“Jesus’ first act of love in commanding love is to correct a false interpretation of Scripture” by John Piper

“If someone had said to Jesus the words, ‘Love unites; doctrine divides,’ I think Jesus would have looked deep into that person’s soul and said, ‘True doctrine is the root of love. Therefore, whoever opposes it, destroys the root of unity.’

Jesus never opposed truth to love. He did the opposite. He said that He Himself is the embodiment and sum of truth: “I am the way, and the truth, and the life” (John 14:6). Referring to Himself He said, “The one who seeks the glory of Him who sent Him is true, and in Him there is no falsehood” (John 7:18).

At the end of His life, what prompted Pilate’s cynical question, “What is truth?” (John 18:38) was Jesus’ comprehensive assertion about why He had come into the world: “For this purpose I was born and for this purpose I have come into the world—to bear witness to the truth” (John 18:37).

Even His adversaries saw how indifferent Jesus was to people’s opinions and how devoted He seemed to be to truth. “Teacher, we know that you are true and do not care about anyone’s opinion” (Mark 12:14).

And when Jesus leaves the world and returns to the Father in heaven, the Spirit He would send in His place would be called “the Spirit of truth.” “But when the Helper comes, whom I will send to you from the Father, the Spirit of truth, who proceeds from the Father, He will bear witness about Me” (John 15:26).

Therefore, unlike so many who compromise the truth to win a following, Jesus did the opposite. Unbelief in His hearers confirmed that a deep change was needed in them, not in the truth. “Everyone who is of the truth listens to My voice” (John 18:38).

“Whoever is of God hears the words of God. The reason why you do not hear them is that you are not of God” (John 8:47). “Because I tell the truth, you do not believe Me” (John 8:45).

In other words, when the truth does not produce the response you want—when it does not “work”—you don’t abandon the truth. Jesus is not a pragmatist when it comes to loving people with the truth.

You speak it, and if it does not win belief, you do not consider changing the truth. You pray that your hearers will be awakened and changed by the truth. “You will know the truth, and the truth will set you free (John 8:32). “Sanctify them in the truth,” Jesus prayed; “Your word is truth” (John 17:17).

When Jesus prays that people be “sanctified in the truth,” He reveals the roots of love. Sanctification, or holiness, as Jesus understands it, includes being a loving person. He is praying that we would become loving people and would be merciful and peaceable and forgiving.

That is all included in the prayer, “Sanctify them.” And all this happens in and by the truth, not separate from the truth. The effort to pit love against truth is like pitting fruit against root.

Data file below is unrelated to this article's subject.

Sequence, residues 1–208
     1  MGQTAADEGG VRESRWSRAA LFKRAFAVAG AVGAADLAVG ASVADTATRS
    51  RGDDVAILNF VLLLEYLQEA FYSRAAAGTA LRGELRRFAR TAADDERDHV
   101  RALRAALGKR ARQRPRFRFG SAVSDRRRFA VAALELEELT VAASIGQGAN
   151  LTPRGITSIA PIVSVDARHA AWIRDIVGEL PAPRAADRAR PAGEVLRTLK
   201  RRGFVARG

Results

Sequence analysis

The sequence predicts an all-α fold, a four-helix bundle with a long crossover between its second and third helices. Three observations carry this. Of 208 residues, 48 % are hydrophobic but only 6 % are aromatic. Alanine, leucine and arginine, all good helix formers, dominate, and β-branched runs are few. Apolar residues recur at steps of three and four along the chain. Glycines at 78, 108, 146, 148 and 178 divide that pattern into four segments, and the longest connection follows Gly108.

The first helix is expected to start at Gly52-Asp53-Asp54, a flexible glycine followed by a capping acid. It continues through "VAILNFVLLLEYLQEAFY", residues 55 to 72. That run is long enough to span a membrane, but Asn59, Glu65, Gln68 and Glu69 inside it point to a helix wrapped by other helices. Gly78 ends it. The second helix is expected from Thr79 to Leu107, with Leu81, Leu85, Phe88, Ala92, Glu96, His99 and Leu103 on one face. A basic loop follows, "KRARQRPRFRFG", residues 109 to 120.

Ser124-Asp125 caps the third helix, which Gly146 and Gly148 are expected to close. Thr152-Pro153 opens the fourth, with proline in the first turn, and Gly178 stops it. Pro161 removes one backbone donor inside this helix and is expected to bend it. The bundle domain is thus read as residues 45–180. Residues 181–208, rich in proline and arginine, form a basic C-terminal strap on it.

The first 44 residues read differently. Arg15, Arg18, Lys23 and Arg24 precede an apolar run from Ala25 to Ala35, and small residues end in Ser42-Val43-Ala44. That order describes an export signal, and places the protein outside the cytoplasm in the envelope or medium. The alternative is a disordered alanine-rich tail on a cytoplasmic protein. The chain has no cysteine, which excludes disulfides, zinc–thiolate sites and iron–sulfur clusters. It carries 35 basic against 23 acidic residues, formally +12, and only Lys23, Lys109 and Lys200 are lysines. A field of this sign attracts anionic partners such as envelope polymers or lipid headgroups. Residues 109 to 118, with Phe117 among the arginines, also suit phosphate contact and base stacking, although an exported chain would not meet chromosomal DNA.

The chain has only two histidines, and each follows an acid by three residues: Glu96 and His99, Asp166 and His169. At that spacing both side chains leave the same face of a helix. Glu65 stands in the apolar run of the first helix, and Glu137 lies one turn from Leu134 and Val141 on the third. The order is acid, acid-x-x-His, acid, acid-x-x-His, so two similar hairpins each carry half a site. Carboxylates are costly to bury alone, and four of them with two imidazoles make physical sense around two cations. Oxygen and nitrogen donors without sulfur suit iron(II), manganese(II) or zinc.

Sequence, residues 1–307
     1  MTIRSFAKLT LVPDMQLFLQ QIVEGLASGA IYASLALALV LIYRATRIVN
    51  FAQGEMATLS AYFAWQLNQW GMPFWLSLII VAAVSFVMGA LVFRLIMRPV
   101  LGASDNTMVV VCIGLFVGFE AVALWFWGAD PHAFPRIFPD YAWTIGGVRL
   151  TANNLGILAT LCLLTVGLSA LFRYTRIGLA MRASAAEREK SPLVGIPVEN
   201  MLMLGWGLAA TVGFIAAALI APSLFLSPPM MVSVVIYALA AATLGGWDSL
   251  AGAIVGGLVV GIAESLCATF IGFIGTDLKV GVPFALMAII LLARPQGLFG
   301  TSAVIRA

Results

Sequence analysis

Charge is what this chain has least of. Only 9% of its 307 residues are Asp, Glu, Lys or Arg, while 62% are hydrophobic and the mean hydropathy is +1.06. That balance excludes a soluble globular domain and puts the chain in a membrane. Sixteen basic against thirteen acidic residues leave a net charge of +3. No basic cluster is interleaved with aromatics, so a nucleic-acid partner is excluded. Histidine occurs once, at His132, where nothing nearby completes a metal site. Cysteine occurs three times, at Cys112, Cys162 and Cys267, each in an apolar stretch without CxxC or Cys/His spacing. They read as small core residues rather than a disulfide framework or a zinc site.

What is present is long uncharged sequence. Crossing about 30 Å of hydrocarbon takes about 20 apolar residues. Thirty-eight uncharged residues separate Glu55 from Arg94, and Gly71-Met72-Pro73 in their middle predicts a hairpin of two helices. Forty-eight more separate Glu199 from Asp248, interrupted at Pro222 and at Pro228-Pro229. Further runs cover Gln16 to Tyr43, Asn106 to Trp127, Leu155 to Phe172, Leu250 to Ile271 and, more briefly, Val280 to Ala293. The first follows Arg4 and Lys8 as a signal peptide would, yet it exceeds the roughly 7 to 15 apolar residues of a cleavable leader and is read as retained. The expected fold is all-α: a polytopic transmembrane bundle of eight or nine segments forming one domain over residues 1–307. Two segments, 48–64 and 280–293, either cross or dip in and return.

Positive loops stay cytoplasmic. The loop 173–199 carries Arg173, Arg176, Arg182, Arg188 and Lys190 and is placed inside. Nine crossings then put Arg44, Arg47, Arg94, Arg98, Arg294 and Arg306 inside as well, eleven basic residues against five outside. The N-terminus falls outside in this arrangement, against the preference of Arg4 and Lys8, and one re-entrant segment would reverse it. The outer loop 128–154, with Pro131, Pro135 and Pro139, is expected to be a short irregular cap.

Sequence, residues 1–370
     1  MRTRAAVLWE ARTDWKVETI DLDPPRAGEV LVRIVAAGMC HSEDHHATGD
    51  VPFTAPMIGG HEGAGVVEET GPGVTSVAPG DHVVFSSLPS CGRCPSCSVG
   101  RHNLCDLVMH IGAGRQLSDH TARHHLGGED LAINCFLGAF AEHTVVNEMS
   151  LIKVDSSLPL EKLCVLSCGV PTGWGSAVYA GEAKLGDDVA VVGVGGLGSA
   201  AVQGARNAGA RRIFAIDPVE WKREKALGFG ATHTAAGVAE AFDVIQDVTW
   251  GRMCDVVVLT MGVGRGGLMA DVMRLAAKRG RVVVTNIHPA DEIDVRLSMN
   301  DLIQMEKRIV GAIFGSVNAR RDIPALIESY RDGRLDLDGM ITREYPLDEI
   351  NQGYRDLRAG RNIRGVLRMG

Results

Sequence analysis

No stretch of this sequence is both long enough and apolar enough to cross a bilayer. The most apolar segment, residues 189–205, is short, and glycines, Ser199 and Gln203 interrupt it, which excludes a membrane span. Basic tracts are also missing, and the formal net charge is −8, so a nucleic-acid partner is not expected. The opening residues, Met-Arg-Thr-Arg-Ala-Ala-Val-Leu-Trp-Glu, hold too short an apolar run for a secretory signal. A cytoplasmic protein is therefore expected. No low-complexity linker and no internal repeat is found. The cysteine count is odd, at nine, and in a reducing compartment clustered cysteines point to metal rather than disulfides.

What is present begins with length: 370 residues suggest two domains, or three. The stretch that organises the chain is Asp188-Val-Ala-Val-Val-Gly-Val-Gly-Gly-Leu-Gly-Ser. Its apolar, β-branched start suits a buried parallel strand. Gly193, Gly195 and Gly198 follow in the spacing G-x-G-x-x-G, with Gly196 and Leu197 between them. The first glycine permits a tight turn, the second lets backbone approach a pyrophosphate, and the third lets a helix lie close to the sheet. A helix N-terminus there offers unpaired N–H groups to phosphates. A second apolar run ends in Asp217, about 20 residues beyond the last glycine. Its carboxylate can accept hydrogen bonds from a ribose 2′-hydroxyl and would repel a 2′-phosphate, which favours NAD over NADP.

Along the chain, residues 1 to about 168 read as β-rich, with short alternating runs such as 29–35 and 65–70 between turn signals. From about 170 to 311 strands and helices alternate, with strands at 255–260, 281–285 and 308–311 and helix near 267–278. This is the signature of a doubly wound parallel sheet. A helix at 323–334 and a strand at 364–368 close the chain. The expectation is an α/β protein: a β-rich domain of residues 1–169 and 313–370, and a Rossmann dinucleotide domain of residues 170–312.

Or like pitting kindling against fire. Or like pitting the foundation of a house against the second-floor bedroom. The house will fall down, and the marriage bed with it, if the foundation crumbles.

Love lives by truth and burns by truth and stands on truth. This is why Jesus’ first act of love in commanding love is to correct a false interpretation of Scripture.

Of course, it is possible to use truth unlovingly. For example, when a village of Samaria would not receive Jesus “because His face was set toward Jerusalem” (Luke 9:53), James and John knew this was a truth-insulting response. It was an assault on the truth of Jesus.

So they said to Jesus, in defense of the truth, “Lord, do you want us to tell fire to come down from heaven and consume them?” (Luke 9:54). The answer was swift and blunt: “He turned and rebuked them” (Luke 9:55).

But the solution to that unloving response was not to stay in the village and alter the truth to get a better response. He did not say to the Samaritans, “Doctrine divides, love unites, so let’s put our doctrinal differences aside and have relational unity.”

No, the solution was, “And they went on to another village” (Luke 9:56). There are many people yet to be loved with our truth. We will keep offering the saving truth in love wherever we can, and we will not be violent with those who reject us.

But the truth will not be changed. It is the root of love’s life, and the kindling of love’s fire, and the foundation of love’s strength.

When Jesus demanded that we love our enemies by contrasting this with the interpretation that said, “Love your neighbor and hate your enemy,” (Matt. 5:43) he was lovingly showing us that correcting false interpretations of the Bible is one crucial way to love our enemy.